Ready to face interview for Vmware Drs? Do not worry, we are here to help you with job interview preparation. If you are preparing Vmware Drs interview and not sure which questions are likely asked in interview, we suggest you to go through Wisdomjobs interview questions and answers page to crack your job interview. Vmware Drs is the Distributed Resource Scheduler is used in virtualized environment to distribute the computing workloads. This feature can be utilized from VMware Infrastructure 3. It serves the purpose of load balancing similar to cluster. Strong technical skills are needed as there is huge competition. Below is the list of frequently asked Vmware Drs interview questions and answers which gets you ready to face the interviews:
The default invocation period is 300 seconds (5 minutes). But this can be changed via the configuration file vpxd.cfg.
We have to change the value of <pollperiodsec> as shown below:
Just change the value 300 to a custom value defined by you. The range of supported value is 60 secs to 3600 secs.
VPXA is the vCenter agent that runs inside Esxi hosts and it enables a 2 way communication between Esxi hosts and vCenter Server.
VPXA is responsible for:
No DRS will not work if vCenter Server is down.
DRS depends upon vCenter server for information like current power state of virtual machines, change in power state of any VM, number of datastores to which Esxi hosts are connected and the memory and cpu configurations of a VM.
DRS will use all these information while calculating the load on the cluster and proposing migration recommendations when a cluster needs to be balanced.
To calculate the cluster imbalance, DRS compares the Current Hosts Load Standard Deviation (CHLSD) to Target Hosts Load Standard Deviation (THLSD) and if
CHLSD < THLSD
Cluster is considered as imbalanced.
DRS computes Normalized Entitlement (NE) of each Esxi hosts and the standard deviation associated with it. NE is nothing but calculation of how much resources are currently utilized out of total resources. NE is calculated by summing up dynamic entitlements (usage) of all VM’s that are running on an Esxi host and diving this by Esxi host capacity.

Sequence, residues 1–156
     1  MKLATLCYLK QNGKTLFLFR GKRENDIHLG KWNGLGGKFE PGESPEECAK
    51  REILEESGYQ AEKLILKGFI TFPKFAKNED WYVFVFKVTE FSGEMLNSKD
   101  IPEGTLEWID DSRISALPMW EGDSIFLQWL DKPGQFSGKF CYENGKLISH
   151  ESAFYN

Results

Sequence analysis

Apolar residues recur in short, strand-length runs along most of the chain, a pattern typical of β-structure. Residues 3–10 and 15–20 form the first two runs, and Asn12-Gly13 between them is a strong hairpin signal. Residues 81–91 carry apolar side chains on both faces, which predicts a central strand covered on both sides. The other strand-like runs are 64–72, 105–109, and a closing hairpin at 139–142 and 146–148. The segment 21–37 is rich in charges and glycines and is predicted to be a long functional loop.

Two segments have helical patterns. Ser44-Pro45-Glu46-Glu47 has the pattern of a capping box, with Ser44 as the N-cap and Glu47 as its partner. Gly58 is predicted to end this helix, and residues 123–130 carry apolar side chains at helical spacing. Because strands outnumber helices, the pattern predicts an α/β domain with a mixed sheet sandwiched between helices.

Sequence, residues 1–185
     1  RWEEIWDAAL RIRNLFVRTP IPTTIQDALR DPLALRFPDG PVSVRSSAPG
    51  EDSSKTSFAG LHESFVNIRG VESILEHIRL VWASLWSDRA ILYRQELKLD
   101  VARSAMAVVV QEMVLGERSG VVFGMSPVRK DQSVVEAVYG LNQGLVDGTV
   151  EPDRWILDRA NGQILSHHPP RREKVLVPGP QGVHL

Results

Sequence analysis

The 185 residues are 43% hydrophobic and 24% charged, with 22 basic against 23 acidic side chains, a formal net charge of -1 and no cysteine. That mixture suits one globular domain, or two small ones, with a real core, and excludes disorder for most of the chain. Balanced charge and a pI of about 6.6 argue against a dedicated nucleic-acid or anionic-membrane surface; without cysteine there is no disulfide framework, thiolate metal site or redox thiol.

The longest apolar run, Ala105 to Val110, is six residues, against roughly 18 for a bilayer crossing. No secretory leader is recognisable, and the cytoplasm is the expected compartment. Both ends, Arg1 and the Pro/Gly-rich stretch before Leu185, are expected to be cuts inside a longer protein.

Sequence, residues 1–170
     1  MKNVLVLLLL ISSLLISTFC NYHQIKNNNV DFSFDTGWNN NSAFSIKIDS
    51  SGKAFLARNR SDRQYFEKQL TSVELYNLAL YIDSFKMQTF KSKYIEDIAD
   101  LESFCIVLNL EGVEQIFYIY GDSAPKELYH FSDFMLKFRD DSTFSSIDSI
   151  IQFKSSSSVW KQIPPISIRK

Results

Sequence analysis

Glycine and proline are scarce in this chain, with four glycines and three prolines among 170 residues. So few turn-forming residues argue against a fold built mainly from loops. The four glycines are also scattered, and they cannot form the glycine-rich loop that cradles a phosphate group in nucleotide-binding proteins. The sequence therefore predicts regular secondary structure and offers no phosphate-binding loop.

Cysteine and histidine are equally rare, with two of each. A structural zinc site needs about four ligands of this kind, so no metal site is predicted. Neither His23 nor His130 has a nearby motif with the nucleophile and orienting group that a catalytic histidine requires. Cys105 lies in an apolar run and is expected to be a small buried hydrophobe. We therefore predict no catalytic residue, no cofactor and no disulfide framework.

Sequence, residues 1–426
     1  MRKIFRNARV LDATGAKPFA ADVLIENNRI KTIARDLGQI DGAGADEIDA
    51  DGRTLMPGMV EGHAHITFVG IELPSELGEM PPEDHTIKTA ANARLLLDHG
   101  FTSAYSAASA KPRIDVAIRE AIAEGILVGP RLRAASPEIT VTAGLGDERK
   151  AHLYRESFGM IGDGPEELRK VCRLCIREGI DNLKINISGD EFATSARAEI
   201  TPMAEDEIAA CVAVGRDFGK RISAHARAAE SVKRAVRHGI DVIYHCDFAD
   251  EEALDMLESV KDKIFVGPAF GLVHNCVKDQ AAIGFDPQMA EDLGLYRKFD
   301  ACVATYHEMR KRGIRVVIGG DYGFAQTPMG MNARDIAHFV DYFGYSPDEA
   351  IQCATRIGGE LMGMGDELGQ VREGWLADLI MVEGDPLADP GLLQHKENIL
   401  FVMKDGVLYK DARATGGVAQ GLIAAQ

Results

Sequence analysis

So, NE= Dynamic Usage of all VM’s / Total host capacity
THLSD is derived from DRS migration threshold which is defined at the time of configuring DRS. Each threshold level sets different imbalance tolerance margin. The aggressive threshold sets a tight margin allowing for little imbalance, while conservative thresholds tolerates bigger imbalances.
DRS uses a cost benefit risk approach to load balance a cluster. Before presenting the migration recommendations for a VM to load balance a cluster,
DRS calculates 3 things:
Cost: What will be the cost of migrating a VM from source to destination host? Cost here refers to the CPU and memory.
When a vMotion process in invoked on a VM, it reserves 30% of the cpu core (For 1 GB NIC) of that VM and 100% cpu core (For 10 GB NIC). This reservation is created on both source and destination host. This reserves resources can’t be allocated to any other VM while vMotion is in progress. This can put some pressure on an Esxi host when it is heavily loaded.
Benefits: What will be the resource benefit that an Esxi host will get after migrating a virtual machine to other Esxi ho st. If after the migration CHLSD value of the Esxi host comes down then DRS will consider that migration as benefit.
Risk: Risk accounts for possibility of irregular loads. Suppose a VM has inconsistent and spiky demands of resources, then migrating such VM’s is not a good move because may be at the time of migration VM resource demand was low but after completion of migration, VM’s resource demands suddenly increased. In this case it can cause the increase in destination Esxi hosts CHLSD and again DRS has to perform migration of that VM to bring down CHLSD of the Esxi host where that VM was migrated.
DRS recommends migrations if Benefit obtained due to a migration < cost associated with that migration.
Following are the factors which affect the DRS recommendations:
1- VM size and Initial Placement: When a new VM is created or a VM is powered on, DRS selects a host where this VM should be initially placed. DRS prefers the registered host as long as placement of that VM on this host will not cause cluster imbalance.
During placement of such VM’s DRS uses a worst case scenario because it doesn’t have historical data for that VM. DRS assumes both CPU and memory demand of this VM is equal to its configured size.
Oversized VM’s can temporarily cause cluster imbalance and can cause unnecessary migrations of active VM’s.